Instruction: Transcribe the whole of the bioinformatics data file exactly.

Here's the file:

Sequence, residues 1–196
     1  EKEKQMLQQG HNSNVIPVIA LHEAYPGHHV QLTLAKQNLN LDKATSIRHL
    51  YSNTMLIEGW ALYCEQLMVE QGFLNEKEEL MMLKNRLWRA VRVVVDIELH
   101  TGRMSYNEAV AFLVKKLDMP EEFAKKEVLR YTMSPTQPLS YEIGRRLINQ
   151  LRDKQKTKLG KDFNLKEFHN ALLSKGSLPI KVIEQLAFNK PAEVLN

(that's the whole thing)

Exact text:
Sequence, residues 1–196
     1  EKEKQMLQQG HNSNVIPVIA LHEAYPGHHV QLTLAKQNLN LDKATSIRHL
    51  YSNTMLIEGW ALYCEQLMVE QGFLNEKEEL MMLKNRLWRA VRVVVDIELH
   101  TGRMSYNEAV AFLVKKLDMP EEFAKKEVLR YTMSPTQPLS YEIGRRLINQ
   151  LRDKQKTKLG KDFNLKEFHN ALLSKGSLPI KVIEQLAFNK PAEVLN